As blockchain and crypto have continued to gain attention and popularity over the past year, non-fungible tokens, or NFTs, have surged into the spotlight. The first half of 2021 saw tokenized art, video clips, and various esoterica sold for astronomical prices amid frenzied interest. And although the hype has died down for the moment, a look at the technology behind NFTs shows that this is only the tip of the iceberg. These blockchain assets are likely to emerge as an important pillar of the new economy -- with important implications for privacy.
In April of 2021, The New York Times declared "we're all crypto people now." It's true -- over the past year, digital currencies have entered the collective consciousness as never before. But great change is often met with great resistance, and crypto is no exception. Misconceptions about the nature and capabilities of blockchain technology have grown almost as fast as adoption. Myths and rumors about illicit activity, environmental impact, and network inefficiency are easy to find.
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Much has been made of the likely advent of quantum computing, which promises the ability to perform computations at speeds that are orders of magnitude beyond those of current computers. But what does quantum computing mean for the future of blockchain? Do quantum computers threaten blockchain security?
In the world of cybersecurity, people have seemingly infinite tools at their disposal -- cybersecurity is not a one-size-fits-all endeavor. To stay safe online, then, it's important to understand the different tools that exist in order to ensure you use the right one for the task at hand.
@bitRainbow You probably won't have enough computer power to do that. It's like trying to manipulate an entire blockchain. The idea of the oracles is that there are many validators who are verifying what data is being pushed and if it's not good, the data will not be accepted.
@justcaesar they just announced today that premium METAL members of revolut in europe were able to withdraw cryptocurrency as of the time the announcement was made. standard members and international users will eventually be included but seems like it will be rolled out in stages.
I am reading Orchid Whitepaper now. It helps to understand how Orchid is different from traditional VPN services.
@discipulus They are, but thankfully the best ones are trying to decentralize progressively by creating DAOs, giving up admin functions over contracts, etc.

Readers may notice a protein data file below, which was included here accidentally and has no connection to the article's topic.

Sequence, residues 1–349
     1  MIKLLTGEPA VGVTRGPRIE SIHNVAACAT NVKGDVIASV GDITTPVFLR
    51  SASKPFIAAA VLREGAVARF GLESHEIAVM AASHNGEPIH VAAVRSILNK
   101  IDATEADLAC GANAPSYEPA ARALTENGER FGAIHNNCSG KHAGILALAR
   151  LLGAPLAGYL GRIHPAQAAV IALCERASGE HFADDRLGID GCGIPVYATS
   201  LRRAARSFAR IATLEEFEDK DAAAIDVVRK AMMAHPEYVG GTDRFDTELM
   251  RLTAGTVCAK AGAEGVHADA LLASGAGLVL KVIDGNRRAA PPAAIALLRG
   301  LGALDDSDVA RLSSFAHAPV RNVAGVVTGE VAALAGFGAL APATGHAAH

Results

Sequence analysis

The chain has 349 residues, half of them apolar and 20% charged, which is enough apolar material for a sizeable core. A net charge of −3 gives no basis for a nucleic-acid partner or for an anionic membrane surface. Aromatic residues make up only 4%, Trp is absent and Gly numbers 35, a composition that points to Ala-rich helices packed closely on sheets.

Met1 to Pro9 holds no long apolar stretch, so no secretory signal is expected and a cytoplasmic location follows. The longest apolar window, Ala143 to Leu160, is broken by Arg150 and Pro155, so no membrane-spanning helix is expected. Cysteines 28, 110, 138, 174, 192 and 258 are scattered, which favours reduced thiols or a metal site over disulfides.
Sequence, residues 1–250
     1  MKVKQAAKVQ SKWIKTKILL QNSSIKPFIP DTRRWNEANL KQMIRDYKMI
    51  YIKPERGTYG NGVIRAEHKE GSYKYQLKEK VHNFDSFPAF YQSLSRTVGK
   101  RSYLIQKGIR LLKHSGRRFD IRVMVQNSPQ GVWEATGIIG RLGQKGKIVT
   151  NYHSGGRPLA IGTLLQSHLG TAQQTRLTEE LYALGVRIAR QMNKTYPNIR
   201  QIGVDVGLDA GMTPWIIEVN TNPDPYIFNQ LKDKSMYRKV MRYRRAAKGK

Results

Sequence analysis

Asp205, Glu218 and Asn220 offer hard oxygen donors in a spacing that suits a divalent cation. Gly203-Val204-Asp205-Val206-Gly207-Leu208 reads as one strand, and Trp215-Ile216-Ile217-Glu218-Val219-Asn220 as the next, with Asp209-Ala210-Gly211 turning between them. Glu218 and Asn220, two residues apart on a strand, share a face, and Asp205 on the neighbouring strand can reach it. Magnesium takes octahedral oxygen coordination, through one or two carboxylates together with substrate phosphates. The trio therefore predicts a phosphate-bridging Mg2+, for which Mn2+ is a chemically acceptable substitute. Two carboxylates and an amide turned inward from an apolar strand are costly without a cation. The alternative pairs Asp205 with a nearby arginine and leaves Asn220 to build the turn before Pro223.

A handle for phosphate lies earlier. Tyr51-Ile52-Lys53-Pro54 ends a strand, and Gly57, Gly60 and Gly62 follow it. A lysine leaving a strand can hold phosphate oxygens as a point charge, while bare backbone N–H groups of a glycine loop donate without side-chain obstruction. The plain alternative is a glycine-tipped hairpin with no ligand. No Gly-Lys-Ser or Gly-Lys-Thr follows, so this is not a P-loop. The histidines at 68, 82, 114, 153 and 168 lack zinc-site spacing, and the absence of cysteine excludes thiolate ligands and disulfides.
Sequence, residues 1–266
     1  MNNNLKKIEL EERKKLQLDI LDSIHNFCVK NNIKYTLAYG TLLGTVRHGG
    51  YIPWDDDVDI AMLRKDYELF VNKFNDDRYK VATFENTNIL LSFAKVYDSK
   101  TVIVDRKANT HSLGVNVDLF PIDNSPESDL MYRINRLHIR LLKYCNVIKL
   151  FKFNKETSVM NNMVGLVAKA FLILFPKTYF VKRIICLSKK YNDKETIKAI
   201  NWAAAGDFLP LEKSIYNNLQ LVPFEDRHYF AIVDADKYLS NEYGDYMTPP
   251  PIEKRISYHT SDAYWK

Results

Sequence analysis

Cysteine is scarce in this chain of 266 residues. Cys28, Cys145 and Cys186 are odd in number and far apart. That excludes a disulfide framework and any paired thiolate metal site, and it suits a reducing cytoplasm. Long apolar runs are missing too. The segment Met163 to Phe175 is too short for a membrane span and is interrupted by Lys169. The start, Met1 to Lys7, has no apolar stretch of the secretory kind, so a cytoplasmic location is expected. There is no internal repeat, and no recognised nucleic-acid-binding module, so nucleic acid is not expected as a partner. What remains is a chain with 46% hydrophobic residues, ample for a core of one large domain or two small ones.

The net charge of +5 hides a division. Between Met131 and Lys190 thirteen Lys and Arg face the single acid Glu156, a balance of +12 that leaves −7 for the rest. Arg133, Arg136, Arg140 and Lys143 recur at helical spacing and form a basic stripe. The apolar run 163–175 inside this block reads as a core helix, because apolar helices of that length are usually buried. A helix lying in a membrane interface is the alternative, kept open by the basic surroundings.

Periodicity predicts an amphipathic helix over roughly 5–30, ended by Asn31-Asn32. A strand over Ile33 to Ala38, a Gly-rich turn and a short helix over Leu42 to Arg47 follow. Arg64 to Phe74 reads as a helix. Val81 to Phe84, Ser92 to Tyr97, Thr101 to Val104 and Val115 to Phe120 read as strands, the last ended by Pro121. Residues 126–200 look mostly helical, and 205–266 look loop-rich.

@bitRainbow I happily accept stablecoins of almost any kind, which I can then use to fund my Crypto.com VISA card. It's not ideal but it's one step in the right direction.
The Internet has become a failed utopia, Seven said.
@justcaesar That’s correct. The crypto wallets for Revolut (at least in the USA) are exclusively for speculation. That’s not to say it’s totally useless. There was a time I would’ve made that argument.
I'd love to be in the position to shut off my bank accounts and have a crypto-centric bank, effectively, Bill said in the latest Follow the White Rabbit podcast. If you have Hulu and Netflix, you can cut the cord. I don't pay for cable or satellite television anymore because I can pretty much get it all through my Internet connection. In banking, that's not possible right now -- and I think that's about to change.
New episode of Follow The White Rabbit! Alex and Derek join Bill Barhydt, Founder CEO of Abra. We take a deep dive into the future of banking, how to protect your financial privacy with Bitcoin, and why fungibility is key for crypto. Have a listen!
We go down the rabbit hole with Emin Gün Sirer, Founder and CEO of Ava Labs, the team behind the Avalanche blockchain platform. A leader in peer-to-peer systems, he shares his thoughts on how to build trust, transparency, and privacy with decentralizing technologies.
Go down the rabbit hole with Tor Bair, Founder of the Secret Foundation , an organization that supports the adoption of open-source privacy technologies. A great conversation on the effects of Web3 in a digital world, why blockchain is the blueprint for a new economy, and the evolution of privacy.
This is a very common problem. Discrimination from the banking system is a well-known fact. But I guess one day this problem will be completely solved with DLTs unless the govs will go hardcore with regulations, as usual.